Hot water shortcrust – and another mystery ingredient.
To make a pastry
First to make the coffin (hauiß), take warm water and butter and 2 eggs and flour. Mix this first with the flour and then gradually add more until it is stiff, and then shape the coffin. Then you shall take a chicken or a duck, and a piece of meat of a sheep or calf or other meat that is lean, cut into little pieces and arranged around the chicken. The take quell vur (?), first boil it, then add mace (beschalen blomen), cloves and saffron and sugar and butter or other good fat, and the spices mixed with vinegar and wine, and then placed on the chicken and set into the oven with a hole made in the lid.
This is an interesting recipe because we do not have many specific ingredient lists for pastry crusts from the 16th century. The combination here suggests a hot water shortcrust, enriched with egg. The filling is quite standard, if we assume that quell vur is a cooking medium. But it appears to be the way with this source – every recipe has one mystery ingredient.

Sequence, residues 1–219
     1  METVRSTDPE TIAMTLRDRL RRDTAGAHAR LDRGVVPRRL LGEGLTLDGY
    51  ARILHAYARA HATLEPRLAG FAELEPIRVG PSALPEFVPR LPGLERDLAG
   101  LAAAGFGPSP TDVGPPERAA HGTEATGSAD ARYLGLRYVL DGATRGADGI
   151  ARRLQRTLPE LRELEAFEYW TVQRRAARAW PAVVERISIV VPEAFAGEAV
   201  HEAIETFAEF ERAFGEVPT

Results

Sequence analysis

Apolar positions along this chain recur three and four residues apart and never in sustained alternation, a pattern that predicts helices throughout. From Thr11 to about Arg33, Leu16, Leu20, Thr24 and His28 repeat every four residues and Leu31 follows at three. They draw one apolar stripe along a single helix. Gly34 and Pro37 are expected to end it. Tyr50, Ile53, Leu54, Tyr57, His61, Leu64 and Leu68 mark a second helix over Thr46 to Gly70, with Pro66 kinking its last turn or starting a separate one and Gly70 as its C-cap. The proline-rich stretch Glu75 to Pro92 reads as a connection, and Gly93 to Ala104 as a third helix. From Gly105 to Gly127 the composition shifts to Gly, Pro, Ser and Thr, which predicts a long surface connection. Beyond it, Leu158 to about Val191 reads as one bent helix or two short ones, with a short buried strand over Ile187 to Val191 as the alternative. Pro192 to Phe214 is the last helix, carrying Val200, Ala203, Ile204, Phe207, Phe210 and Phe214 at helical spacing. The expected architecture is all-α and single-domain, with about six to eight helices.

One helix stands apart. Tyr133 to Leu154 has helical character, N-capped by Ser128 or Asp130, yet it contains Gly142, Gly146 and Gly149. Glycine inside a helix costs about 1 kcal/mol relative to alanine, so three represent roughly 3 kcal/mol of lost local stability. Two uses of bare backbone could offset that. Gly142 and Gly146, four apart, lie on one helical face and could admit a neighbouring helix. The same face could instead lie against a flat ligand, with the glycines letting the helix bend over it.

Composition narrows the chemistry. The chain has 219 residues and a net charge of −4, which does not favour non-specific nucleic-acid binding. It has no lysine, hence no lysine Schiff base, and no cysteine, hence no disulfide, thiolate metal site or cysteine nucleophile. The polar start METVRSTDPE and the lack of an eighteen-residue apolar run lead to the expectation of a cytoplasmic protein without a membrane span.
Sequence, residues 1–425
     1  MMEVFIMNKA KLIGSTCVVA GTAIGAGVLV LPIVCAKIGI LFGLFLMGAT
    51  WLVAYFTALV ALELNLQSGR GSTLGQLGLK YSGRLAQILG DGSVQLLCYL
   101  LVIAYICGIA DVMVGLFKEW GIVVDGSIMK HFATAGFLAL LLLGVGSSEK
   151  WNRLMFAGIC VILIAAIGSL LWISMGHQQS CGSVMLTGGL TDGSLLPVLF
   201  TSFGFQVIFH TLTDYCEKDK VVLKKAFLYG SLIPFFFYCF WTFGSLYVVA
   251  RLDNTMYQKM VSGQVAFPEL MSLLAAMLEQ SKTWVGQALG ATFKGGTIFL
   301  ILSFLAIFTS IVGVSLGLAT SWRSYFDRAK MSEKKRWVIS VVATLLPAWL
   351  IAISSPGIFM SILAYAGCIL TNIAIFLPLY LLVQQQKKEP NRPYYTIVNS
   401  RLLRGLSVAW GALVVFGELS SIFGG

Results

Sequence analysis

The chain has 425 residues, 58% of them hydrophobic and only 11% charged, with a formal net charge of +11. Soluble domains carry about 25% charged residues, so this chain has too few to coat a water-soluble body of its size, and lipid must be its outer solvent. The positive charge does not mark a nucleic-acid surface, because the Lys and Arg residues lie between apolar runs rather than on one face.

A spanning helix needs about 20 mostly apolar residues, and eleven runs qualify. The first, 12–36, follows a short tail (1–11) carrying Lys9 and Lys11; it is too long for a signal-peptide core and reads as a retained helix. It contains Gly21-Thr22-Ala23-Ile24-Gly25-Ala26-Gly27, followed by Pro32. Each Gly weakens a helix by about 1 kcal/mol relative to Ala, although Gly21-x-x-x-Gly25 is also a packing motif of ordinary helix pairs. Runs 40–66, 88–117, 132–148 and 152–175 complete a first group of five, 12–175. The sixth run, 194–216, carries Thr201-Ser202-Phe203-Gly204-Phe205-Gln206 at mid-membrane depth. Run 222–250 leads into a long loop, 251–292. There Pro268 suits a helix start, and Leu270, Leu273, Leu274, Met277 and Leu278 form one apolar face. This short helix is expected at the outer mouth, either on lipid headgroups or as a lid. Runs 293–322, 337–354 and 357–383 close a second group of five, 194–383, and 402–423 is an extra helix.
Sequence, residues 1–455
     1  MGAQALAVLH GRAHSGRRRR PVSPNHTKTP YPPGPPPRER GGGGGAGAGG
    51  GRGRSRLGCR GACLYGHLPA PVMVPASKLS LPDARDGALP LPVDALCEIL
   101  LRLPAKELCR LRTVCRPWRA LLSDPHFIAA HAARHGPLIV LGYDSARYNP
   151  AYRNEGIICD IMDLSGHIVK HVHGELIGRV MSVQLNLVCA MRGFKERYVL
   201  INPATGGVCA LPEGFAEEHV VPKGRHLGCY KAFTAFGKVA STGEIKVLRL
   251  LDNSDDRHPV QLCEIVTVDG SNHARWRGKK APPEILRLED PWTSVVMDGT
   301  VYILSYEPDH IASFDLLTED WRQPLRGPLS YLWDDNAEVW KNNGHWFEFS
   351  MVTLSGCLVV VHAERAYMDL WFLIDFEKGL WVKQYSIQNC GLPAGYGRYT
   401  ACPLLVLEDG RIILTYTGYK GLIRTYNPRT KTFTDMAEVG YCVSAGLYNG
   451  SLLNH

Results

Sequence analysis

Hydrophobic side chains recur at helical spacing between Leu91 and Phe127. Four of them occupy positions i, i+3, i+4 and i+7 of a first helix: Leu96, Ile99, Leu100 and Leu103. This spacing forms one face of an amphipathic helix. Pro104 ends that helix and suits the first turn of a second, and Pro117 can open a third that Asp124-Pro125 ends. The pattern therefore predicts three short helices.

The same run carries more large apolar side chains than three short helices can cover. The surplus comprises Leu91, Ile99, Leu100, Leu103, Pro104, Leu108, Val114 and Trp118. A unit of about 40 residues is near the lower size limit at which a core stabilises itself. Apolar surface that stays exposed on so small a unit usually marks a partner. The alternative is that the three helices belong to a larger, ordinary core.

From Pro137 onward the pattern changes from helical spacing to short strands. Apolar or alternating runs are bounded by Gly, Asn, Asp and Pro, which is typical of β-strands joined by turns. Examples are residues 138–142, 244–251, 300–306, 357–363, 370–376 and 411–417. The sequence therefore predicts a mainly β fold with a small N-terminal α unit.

In the late 16th century, someone jotted down a set of cooking recipes in a copy of L. Frucks ‘Teutsch Formular vnnd Rhetoric’ of 1579. They were published in H. Müller: Kochrezepte aus dem 16. Jahrhundert. In: Rheinisch-westfälische Zeitschrift für Volkskunde 14 (1967) 83-86 and are available online thanks to Thomas Gloning‘s inestimable website. Judging by the dialect, the writer is from the greater Cologne area, likely near the border with the Netherlands. The recipes are fairly standard for their time, but interesting in details such as cooking and serving instructions.